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Consumer, investor confidence slowing Arizona’s recovery

In the week following a string of Washington and Wall Street theatrics, experts are saying that Arizona’s recovery will be slowed as consumer and investor confidence dwindles.

“These types of things set the recovery back,” said Jim Rounds, an economist with Elliott D. Pollack & Company. “I feel comfortable saying that what happened set the recovery back three to four months.”

It’s been a tumultuous couple of weeks, with a dramatic unveiling of a debt ceiling compromise, the downgrading of the U.S. credit rating, and a subsequent market mini-crash this week as the Dow plunged, rebounded, plunged again and then bounced back.


So far, the only concrete blow has been delivered to the state’s investments in the stock market, although it has regained most of the loss.

On Aug. 8, the net loss was $117 million, according to Arizona State Treasurer Doug Ducey. It rebounded the next day with a gain of $80 million, followed by another loss on Aug. 10 of $69 million.

An $81 million gain on Thursday, brought the week’s net loss to $25 million.

On Aug. 8, the net loss was $117 million, according to Arizona State Treasurer Doug Ducey. Although it rebounded the next day with a gain of $80 million, there was another loss on Aug. 10 of $69 million.

But Ducey said that the change was to be expected, adding that a loss isn’t really a loss until one sells and he expected the market would stabilize quickly.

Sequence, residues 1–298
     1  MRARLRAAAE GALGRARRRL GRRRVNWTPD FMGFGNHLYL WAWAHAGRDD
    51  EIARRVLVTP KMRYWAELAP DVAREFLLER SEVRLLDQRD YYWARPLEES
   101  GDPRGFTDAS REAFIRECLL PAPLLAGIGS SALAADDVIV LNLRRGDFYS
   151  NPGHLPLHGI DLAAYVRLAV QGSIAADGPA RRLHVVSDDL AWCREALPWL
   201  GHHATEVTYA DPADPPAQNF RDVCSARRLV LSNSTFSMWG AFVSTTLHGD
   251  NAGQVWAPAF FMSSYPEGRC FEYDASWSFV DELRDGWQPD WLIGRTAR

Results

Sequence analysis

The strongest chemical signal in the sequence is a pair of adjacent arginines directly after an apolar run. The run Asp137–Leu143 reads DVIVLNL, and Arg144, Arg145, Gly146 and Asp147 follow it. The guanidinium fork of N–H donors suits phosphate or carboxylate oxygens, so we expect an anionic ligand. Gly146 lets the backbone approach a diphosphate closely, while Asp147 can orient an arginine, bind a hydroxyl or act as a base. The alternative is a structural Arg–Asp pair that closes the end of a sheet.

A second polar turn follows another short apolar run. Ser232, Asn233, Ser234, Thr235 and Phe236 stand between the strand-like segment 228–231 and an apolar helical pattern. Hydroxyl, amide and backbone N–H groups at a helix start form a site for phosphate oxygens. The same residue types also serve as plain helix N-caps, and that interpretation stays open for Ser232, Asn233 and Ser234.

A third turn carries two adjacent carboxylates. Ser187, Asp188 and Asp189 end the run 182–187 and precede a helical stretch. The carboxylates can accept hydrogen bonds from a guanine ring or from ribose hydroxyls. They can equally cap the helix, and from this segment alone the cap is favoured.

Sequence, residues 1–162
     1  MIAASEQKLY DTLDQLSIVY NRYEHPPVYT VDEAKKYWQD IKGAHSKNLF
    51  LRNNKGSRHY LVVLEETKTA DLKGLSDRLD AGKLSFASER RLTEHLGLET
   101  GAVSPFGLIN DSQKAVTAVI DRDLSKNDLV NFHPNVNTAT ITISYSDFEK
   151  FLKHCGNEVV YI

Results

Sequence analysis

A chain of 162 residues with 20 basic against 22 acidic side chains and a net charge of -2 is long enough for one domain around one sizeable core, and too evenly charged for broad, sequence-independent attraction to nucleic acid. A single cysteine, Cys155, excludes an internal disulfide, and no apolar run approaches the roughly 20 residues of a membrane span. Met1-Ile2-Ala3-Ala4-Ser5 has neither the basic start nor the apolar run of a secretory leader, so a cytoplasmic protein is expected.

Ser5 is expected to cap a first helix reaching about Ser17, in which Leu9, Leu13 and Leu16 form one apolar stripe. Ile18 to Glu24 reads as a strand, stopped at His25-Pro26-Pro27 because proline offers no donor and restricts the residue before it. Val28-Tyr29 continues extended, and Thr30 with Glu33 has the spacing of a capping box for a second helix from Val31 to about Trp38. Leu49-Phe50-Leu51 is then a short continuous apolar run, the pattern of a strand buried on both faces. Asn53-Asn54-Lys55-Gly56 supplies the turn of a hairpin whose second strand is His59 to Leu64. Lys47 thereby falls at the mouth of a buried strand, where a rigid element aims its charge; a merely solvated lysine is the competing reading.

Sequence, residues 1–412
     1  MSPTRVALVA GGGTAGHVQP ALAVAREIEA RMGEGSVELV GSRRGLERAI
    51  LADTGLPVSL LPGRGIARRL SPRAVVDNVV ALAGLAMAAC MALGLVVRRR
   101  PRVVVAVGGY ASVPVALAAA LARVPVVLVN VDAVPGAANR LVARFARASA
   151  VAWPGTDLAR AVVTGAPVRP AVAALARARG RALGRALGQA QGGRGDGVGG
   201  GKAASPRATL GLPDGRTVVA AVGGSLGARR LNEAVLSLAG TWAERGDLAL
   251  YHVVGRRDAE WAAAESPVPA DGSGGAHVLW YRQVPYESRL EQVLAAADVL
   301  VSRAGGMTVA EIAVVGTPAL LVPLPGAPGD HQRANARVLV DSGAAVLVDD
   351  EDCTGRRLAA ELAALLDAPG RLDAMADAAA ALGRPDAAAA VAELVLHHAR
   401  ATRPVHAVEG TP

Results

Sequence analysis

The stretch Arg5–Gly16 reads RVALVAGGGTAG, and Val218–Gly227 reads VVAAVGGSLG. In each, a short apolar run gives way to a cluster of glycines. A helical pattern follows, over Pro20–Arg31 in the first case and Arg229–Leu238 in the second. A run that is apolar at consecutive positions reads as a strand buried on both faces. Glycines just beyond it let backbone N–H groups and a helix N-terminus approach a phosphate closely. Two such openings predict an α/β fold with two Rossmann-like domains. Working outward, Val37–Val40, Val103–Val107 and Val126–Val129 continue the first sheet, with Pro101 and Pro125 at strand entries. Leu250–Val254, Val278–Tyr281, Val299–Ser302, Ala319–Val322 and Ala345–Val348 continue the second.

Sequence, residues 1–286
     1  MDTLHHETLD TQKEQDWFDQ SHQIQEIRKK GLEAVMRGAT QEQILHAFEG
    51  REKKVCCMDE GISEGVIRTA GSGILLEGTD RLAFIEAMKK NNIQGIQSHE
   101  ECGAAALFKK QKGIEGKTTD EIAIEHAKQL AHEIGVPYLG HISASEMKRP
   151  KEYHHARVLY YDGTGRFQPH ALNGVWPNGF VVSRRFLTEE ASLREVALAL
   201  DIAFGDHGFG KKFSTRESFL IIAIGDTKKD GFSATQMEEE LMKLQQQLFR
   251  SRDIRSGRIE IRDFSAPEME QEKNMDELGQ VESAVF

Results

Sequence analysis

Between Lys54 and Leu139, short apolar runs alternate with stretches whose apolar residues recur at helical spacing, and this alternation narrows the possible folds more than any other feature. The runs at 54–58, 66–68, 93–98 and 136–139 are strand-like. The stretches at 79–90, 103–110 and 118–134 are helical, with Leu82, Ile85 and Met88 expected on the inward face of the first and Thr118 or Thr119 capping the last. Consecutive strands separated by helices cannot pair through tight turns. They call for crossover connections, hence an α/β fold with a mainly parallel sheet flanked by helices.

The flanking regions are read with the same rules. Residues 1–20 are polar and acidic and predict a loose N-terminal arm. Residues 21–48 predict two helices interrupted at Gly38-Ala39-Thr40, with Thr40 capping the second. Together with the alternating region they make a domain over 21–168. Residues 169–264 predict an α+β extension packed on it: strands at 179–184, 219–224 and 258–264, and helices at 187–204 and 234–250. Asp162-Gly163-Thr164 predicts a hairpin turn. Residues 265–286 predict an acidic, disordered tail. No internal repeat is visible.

“The value in the Permit Land Endowment Trust will change day to day depending on if the market goes up or down,” he said. “And certainly, it’s experienced that volatility in the market.”

But Ducey said the state’s portfolio is “very safe and well-diversified” and insisted that the state’s investments were still sound.

Money invested by the state comes from the interest on the $3.2 billion Permanent Land Endowment Fund, which is funded by the sale of state trust land.

Last week, Standard and Poor’s downgraded the U.S. credit rating from AAA, the highest rating, to AA+, citing a lack of a sufficient long-term debt reduction plan from the federal government and a political system that was “less stable, less effective and less predictable.”

On Aug. 8, the Dow plunged 634 points, but rebounded Aug. 9, rising 429 points. On Aug. 10, stocks dropped 519 points, and on Aug. 11 the market regained most of that loss.

Ducey said he doesn’t expect that the downgrade will have any other short-term effects on the state. The concern was always that the downgrade would drive up interest rates for consumers.

But since money continued to flock to the Treasury despite the downgrade, interest rates remained low, which will keep the pain from being passed on to consumers and businesses.

“At this point, we’ve seen interest rates go lower, and that’s what the market sees,” Ducey said. “The market still sees U.S. government-issued debt as a sound value.”

Rounds echoed Ducey’s comments, saying that his sense was that the market turmoil was “only a blip” and that the market would recover quickly — that is, so long as Congress and the president come up with a plan to reduce the debt.